In the fall of 1974 Diffie requested a meeting with Martin Hellman. What was planned for a short early afternoon meeting expanded to a rich discussion over many hours that continued through dinner at Hellman’s house and deep into the evening. Shortly thereafter Diffie began working with Hellman (taking a programming job in the research group) and in the second half of 1975 took Hellman’s suggestion to enroll as a doctoral student at Stanford to work with him. Diffie was enthralled in the intellectual pursuit to conceptualize what became public-key cryptography, but chose not to follow through with all of the necessary bureaucratic hurdles, classes, and requirements to completing a doctoral degree. 
In 1975 Hellman and Diffie became aware of a similarly-focused individual, Ralph Merkle. Merkle was a student at the University of California-Berkeley working on a protocol for public-key cryptography, who back in 1974 had formulated what became known as Merkle’s puzzles, a substantial contribution to key distribution of public-key. As Diffie later reflected, however, he and Hellman recognized they had “a far more compact solution to the key distribution problem than Merkle’s puzzles…” Further, Diffie wrote that Merkle’s subsequent “trap-door knapsack system…[did]…not lend itself readily to the production of signatures.” Nonetheless, these early contributions led Diffie to reflect on Merkle as “possibly the most inventive character in the public-key saga,” and Hellman to later argue public-key credit should be to Diffie-Hellman-Merkle. [1, 5] Diffie and Hellman cited Merkle’s work as a submitted paper (to Communications of the ACM—published in 1978) in their path-breaking “New Directions in Cryptography” paper (presented in 1975 and published the next year). In this paper Diffie and Hellman conceptualized and explained a full public-key cryptosystem with message authentication. Their article began, “We stand today on the brink of a revolution in cryptography,”—a revolution their mid-1970s insights were foundational to bringing to fruition in the years and decade’s ahead. 
Diffie-Hellman’s public-key is an asymmetric cryptosystem that relies on one-way functions (mathematically far easier to compute in one direction than the in reverse)—the product of very large prime numbers exceedingly difficult to factor—to allow parties to share their public-key but not their mathematically-linked private-key. This can facilitate secret communication between individuals who have not met and it can authenticate the message sender (digital signatures).  *
Diffie-Hellman public-key cryptosystems concepts were implemented by MIT scientists/mathematicians Ronald Rivest, Adi Shamir, and Leonard Adleman with their pioneering RSA algorithm (first released in 1977). They jointly received the 2002 ACM Turing Award for the RSA algorithm and its impact on cryptography in practice. The RSA algorithm was the basis for the company Rivest, Shamir, and Adleman founded in 1982, RSA Data Security. In the mid-1980s, after some early struggles with finances and management, James Bidzos became the president and CEO of RSA Data Security, a position he thrived at and held until retiring in 1999. Bidzos also served as the Chair of the Board of Directors of RSA Data Security 1995 spin-off—for certifications or digital signatures—Verisign, Inc.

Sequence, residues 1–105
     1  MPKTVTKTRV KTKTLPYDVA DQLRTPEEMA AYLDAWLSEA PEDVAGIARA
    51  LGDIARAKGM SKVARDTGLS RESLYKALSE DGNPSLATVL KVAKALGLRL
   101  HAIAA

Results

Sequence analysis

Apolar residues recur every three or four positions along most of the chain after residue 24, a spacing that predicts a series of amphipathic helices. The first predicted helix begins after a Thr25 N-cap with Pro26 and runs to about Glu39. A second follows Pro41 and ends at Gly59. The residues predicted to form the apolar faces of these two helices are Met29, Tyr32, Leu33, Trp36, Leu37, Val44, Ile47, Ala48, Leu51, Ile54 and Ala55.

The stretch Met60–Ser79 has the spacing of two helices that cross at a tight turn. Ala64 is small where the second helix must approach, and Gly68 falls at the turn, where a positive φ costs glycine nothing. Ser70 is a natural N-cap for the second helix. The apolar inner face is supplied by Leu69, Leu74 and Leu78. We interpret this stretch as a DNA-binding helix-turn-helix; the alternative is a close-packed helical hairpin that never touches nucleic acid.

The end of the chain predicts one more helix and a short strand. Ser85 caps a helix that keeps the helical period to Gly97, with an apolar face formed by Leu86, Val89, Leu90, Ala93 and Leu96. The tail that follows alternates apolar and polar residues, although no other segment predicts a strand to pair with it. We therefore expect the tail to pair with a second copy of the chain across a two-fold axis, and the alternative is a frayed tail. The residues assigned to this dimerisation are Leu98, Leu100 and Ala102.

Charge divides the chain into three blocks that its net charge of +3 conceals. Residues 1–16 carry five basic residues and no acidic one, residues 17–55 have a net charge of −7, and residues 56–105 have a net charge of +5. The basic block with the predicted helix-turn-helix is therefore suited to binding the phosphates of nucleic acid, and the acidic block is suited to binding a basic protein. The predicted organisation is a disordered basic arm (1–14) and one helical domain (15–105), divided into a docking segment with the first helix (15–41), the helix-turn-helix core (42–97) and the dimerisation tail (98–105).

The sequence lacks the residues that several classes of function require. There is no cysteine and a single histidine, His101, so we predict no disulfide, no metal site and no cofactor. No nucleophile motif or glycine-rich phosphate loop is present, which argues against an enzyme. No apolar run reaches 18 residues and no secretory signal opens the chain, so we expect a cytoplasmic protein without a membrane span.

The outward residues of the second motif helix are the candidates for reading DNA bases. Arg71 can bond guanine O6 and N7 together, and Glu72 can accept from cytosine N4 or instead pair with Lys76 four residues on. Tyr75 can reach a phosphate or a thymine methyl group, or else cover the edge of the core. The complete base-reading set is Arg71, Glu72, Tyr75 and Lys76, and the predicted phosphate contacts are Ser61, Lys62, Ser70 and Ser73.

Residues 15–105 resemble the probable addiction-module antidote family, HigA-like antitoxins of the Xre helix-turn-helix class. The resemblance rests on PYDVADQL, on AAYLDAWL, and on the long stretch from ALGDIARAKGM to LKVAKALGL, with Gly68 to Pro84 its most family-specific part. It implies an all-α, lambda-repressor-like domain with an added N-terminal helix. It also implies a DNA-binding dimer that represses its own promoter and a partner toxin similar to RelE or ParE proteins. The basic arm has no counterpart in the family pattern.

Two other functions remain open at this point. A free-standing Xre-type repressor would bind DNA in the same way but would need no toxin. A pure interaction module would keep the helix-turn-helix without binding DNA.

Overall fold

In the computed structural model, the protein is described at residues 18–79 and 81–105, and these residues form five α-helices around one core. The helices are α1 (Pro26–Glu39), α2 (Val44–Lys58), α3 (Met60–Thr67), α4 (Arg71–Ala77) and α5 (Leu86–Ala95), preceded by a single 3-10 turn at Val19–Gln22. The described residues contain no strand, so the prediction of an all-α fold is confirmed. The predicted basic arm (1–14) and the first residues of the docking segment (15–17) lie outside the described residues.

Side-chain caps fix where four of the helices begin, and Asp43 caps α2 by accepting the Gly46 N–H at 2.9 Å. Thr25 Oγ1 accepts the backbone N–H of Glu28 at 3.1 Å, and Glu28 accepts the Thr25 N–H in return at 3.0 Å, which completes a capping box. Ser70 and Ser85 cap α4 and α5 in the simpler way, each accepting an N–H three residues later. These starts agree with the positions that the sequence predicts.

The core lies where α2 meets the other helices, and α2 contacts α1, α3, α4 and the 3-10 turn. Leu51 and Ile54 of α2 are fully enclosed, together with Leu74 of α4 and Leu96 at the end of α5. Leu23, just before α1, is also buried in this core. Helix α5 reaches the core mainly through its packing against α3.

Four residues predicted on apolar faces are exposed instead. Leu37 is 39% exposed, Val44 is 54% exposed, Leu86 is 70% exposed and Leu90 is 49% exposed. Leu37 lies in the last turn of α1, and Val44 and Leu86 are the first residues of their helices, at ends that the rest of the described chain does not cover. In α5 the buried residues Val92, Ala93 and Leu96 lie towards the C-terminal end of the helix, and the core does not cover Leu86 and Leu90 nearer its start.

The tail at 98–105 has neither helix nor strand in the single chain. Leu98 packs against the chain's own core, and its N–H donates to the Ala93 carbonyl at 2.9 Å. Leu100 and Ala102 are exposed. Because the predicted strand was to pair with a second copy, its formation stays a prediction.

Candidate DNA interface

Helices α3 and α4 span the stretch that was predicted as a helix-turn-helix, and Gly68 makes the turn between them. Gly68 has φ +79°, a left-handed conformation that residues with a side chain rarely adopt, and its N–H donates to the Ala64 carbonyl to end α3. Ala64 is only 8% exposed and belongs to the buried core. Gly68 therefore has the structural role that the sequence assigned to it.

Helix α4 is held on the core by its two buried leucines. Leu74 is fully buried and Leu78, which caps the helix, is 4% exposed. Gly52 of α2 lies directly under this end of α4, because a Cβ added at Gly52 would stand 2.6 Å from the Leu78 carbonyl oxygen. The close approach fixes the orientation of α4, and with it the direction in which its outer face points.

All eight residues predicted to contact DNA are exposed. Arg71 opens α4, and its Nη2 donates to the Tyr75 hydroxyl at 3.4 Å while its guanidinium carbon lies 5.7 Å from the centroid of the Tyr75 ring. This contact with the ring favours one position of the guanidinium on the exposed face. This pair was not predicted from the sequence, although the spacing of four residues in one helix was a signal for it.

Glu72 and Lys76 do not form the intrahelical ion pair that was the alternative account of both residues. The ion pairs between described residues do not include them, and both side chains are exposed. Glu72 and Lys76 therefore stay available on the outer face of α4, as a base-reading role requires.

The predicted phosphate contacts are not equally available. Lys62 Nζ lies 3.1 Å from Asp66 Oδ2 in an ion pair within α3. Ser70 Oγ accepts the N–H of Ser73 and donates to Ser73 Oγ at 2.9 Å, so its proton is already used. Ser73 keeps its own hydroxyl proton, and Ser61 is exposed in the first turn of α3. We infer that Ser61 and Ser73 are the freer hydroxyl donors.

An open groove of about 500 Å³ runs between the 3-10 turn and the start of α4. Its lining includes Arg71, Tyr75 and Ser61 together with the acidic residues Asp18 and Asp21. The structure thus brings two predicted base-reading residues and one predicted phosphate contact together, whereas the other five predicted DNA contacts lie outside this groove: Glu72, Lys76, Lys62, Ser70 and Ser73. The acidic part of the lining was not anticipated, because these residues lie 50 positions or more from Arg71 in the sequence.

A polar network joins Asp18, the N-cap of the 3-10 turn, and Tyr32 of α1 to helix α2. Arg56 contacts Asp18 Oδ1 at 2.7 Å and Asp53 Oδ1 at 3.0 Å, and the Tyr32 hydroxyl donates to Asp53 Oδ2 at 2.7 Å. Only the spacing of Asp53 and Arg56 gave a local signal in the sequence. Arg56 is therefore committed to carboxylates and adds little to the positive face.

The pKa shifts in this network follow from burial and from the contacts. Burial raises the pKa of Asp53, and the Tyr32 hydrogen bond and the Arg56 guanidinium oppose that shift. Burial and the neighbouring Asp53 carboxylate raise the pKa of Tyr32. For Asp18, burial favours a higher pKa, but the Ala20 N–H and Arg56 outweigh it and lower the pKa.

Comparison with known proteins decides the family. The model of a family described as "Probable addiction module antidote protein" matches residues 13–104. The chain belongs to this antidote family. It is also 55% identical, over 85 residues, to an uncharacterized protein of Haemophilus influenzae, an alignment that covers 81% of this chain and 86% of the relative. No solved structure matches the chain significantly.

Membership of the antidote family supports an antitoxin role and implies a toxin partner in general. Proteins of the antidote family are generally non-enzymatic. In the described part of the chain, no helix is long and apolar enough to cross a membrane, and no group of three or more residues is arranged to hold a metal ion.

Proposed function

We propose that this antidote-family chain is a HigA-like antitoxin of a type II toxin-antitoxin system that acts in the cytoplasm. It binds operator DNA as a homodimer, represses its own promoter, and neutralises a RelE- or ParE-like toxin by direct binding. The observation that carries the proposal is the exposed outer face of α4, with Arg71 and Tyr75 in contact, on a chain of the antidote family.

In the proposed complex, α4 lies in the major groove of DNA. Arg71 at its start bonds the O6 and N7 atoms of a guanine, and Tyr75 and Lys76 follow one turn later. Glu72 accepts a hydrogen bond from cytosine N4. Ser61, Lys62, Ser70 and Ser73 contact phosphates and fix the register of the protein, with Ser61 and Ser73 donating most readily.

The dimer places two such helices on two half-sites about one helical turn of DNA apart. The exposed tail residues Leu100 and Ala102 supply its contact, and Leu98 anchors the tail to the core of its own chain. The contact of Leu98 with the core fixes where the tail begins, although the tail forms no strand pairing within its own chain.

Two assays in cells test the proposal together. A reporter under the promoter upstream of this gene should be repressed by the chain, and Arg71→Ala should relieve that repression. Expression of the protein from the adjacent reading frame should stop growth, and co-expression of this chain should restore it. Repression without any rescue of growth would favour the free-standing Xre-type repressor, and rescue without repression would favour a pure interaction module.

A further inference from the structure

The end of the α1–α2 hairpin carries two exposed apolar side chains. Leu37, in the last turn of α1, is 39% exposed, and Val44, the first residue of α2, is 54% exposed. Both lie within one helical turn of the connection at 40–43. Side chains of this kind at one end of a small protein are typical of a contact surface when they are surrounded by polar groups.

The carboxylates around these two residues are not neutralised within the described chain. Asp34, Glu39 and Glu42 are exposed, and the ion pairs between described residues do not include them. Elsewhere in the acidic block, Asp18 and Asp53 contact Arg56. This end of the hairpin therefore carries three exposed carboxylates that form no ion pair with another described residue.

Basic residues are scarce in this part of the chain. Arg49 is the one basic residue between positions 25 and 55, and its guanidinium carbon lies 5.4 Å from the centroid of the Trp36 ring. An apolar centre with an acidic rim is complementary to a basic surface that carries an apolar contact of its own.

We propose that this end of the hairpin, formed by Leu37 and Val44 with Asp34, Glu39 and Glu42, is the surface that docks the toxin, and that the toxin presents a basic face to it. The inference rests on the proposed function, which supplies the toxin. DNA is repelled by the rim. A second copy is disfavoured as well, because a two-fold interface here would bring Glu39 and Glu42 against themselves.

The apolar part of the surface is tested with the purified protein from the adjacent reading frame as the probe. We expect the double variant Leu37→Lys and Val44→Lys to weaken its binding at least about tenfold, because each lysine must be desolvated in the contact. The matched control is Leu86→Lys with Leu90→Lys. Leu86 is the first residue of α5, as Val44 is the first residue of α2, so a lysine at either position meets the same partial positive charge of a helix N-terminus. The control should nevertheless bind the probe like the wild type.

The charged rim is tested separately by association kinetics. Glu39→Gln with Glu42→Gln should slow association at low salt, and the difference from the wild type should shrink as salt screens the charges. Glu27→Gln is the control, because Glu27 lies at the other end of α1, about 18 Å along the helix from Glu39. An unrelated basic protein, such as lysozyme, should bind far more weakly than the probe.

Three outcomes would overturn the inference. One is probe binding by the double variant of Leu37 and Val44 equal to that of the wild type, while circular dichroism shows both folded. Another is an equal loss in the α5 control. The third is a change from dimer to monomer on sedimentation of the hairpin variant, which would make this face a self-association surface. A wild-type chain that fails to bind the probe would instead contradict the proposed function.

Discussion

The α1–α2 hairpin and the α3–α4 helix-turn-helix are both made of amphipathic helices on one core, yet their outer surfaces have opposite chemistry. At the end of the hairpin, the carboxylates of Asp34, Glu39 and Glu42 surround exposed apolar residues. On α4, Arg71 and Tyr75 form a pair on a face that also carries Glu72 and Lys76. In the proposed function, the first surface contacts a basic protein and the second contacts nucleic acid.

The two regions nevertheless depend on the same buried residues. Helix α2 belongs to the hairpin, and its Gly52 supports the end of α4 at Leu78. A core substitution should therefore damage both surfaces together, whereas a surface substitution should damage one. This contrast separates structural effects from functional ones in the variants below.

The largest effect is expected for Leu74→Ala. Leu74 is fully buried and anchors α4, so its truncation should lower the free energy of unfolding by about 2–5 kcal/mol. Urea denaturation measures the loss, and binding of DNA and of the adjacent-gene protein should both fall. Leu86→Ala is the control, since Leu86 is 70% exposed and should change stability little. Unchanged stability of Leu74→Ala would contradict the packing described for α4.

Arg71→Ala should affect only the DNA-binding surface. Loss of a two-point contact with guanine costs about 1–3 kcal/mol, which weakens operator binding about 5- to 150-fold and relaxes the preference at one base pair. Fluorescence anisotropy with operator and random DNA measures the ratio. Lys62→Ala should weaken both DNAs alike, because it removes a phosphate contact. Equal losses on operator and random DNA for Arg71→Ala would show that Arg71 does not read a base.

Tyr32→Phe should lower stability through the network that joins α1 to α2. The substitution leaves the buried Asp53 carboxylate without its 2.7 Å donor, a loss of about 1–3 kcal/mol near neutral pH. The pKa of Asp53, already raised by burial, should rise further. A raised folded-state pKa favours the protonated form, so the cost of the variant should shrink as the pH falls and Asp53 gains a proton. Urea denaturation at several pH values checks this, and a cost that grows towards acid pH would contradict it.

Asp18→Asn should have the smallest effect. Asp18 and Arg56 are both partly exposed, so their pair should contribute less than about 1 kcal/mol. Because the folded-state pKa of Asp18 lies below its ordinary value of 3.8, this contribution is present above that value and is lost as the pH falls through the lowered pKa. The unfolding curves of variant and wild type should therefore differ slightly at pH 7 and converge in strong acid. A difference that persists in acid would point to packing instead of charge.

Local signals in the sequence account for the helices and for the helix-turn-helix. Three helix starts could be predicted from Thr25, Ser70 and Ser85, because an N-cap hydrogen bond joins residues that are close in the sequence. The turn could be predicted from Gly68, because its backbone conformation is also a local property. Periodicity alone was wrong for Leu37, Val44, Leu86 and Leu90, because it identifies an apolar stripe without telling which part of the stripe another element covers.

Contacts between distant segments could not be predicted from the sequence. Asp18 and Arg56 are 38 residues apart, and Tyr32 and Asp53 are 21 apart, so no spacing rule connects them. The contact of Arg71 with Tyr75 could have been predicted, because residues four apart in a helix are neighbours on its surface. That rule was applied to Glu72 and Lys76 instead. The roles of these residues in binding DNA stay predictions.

A form of public-key cryptography had been conceptualized in the 1969 to 1970 timeframe by Great Britain’s intelligence agency GBHQ’s James Ellis. In 1973 GBHQ mathematician Clifford Cocks invented an algorithm for its implementation. And a past National Security Agency Director, without providing any details, “pointed out that two-key cryptography had been discovered at the agency roughly a decade earlier…” than Diffie-Hellman’s 1976 paper.  This highlighted the importance of researchers in the open (non-classified) community, as the work of Diffie, Hellman, Merkle, Rivest, Shamir, and Adleman, as well as businessman James Bidzos, greatly enhanced possibilities for secure communications and digital authentication; the work at GBHQ and NSA did not.
Back in 1977 Hellman, Diffie, and Merkle filed a patent for “public-key cryptography,” which was granted (US Patent 4200770) in April 1980. Stanford Ph.D. and UCLA Electrical Engineering Professor Jim Omura obtained a license to use the Diffie-Hellman-Merkle patent (held by Stanford University) for his startup company Cylink that produced a silicon chip implementation of public-key in the early to mid-1980s. By 1984 Cylink was selling this hardware implementation to large corporations and some departments and agencies of the U.S. federal government (competing against RSA Data Security—Stanford had sublicensed the Diffie-Hellman-Merkle patent to MIT). Other than Cylink, most enterprises focused on MIT’s RSA patent granted in September 1983 for implementation of public-key cryptography. [6, 8]